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Medical and vet schools address infectious disease spread

Tuesday 9 September

Medical and vet schools join forces to address infectious disease spread

Infectious diseases such as influenza and those caused by antibiotic-resistant bacteria increasingly threaten society’s health. Many originate in animals. These diseases are increasingly linked to contact between humans and animals, intensification and integration of food production, and international travel.

These new threats require a new approach to health research. For this reason, The University of Otago, Massey University and Environmental Science and Research are collaborating to develop a strategic alliance on ‘One Health’ to:

• Better understand infectious disease transmission through a coordinated and holistic approach to research.

• And, ultimately, develop better ways to prevent and treat infections of national and international importance.

‘One Health’ is the collaborative effort of multiple disciplines which recognises that human health and animal welfare and the environment cannot be viewed in isolation. This is particularly relevant in the area of infectious diseases.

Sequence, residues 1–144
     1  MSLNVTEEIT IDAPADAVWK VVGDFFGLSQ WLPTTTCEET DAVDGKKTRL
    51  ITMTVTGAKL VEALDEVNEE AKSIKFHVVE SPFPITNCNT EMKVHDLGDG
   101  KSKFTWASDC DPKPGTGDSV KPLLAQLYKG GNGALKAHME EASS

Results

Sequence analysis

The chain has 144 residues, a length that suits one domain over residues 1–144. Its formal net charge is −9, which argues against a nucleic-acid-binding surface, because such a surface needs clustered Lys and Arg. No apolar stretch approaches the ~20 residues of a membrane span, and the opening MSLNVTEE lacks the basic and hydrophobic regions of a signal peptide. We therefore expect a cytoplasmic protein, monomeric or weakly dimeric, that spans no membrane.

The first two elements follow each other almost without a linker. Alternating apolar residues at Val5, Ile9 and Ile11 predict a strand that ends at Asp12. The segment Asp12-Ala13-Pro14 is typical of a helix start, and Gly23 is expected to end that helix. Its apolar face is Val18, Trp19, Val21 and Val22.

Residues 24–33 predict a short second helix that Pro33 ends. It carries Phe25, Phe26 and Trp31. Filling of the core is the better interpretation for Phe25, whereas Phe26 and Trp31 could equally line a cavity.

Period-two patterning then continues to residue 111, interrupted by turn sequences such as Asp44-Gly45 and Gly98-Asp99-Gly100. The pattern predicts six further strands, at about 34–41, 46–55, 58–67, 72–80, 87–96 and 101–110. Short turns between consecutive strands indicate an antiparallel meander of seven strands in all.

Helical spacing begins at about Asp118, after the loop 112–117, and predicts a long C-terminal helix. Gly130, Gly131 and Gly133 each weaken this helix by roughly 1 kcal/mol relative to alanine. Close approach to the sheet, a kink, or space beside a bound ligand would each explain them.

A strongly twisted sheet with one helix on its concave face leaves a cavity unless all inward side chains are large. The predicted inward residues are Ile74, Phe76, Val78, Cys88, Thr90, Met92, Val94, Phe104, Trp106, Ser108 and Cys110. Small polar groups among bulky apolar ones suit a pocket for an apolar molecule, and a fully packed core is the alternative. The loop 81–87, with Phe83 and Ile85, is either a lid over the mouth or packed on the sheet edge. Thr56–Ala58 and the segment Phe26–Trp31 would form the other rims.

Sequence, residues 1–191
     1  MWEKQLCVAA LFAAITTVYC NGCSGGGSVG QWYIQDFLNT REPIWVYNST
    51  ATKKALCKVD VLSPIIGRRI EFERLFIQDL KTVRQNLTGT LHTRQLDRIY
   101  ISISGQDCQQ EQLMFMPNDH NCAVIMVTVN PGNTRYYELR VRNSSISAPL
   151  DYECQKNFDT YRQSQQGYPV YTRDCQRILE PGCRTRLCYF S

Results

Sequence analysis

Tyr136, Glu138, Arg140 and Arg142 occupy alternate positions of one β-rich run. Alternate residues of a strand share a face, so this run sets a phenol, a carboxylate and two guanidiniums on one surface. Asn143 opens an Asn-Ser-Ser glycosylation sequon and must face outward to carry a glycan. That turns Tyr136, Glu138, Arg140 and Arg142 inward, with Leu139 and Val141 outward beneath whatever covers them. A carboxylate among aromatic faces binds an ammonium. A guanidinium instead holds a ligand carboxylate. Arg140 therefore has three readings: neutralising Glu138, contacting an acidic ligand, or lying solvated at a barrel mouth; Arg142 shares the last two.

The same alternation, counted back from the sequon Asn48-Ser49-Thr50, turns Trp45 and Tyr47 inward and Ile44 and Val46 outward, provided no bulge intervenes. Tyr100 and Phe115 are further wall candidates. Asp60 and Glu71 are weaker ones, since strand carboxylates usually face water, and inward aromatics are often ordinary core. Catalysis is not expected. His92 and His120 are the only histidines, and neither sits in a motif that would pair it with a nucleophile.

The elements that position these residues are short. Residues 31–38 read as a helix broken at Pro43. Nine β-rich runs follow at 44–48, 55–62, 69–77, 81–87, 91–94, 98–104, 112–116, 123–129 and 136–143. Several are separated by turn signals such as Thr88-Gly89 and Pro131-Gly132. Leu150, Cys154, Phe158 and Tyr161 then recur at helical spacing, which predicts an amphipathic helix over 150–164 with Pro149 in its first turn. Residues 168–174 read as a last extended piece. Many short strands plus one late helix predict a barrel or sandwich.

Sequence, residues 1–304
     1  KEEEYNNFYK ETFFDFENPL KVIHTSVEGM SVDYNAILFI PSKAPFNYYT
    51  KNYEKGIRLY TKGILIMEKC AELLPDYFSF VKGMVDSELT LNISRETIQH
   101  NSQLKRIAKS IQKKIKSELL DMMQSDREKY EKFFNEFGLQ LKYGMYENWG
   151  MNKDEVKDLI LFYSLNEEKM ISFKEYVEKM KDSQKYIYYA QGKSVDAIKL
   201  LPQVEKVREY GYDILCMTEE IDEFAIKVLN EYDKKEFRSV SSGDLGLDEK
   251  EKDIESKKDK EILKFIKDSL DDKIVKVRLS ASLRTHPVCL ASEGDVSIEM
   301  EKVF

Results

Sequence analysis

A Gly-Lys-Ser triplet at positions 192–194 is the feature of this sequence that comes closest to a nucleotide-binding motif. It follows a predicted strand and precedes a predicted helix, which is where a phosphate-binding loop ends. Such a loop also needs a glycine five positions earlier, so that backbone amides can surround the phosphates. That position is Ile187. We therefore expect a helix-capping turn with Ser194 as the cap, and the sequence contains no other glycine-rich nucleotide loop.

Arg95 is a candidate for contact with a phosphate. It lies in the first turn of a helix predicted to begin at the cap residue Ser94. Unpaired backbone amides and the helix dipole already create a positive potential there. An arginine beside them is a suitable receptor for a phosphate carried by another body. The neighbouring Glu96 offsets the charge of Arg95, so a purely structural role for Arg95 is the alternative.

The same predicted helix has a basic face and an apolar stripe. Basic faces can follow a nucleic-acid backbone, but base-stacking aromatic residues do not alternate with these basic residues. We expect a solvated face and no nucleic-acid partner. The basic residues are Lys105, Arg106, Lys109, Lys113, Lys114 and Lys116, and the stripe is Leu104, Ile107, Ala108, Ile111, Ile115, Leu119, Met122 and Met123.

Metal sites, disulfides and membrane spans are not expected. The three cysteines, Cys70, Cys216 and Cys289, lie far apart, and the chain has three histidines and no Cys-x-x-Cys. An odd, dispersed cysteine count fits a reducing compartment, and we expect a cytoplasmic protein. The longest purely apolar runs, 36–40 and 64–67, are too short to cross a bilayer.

A mini-symposium on infectious disease research, with the One Health approach as a key part, is being held on September 9 and 10 in Wellington, at the Massey University campus. The aim is to bring together researchers from multiple institutions around New Zealand who are interested in infectious diseases to develop a One Health alliance and raise awareness of its activities.

Infectious disease expert Professor David Murdoch of the University of Otago, Christchurch, has been a key person in the establishment of a One Health research alliance in New Zealand. He says understanding the interplay between human health, animal health and the environment will be key to understanding and controlling the spread of infectious disease in future.

“This exciting collaboration between researchers across the full spectrum of human and animal health is almost unique globally. The impact of our work is likely to be far-reaching.”

See the Infectious Diseases Research programme:

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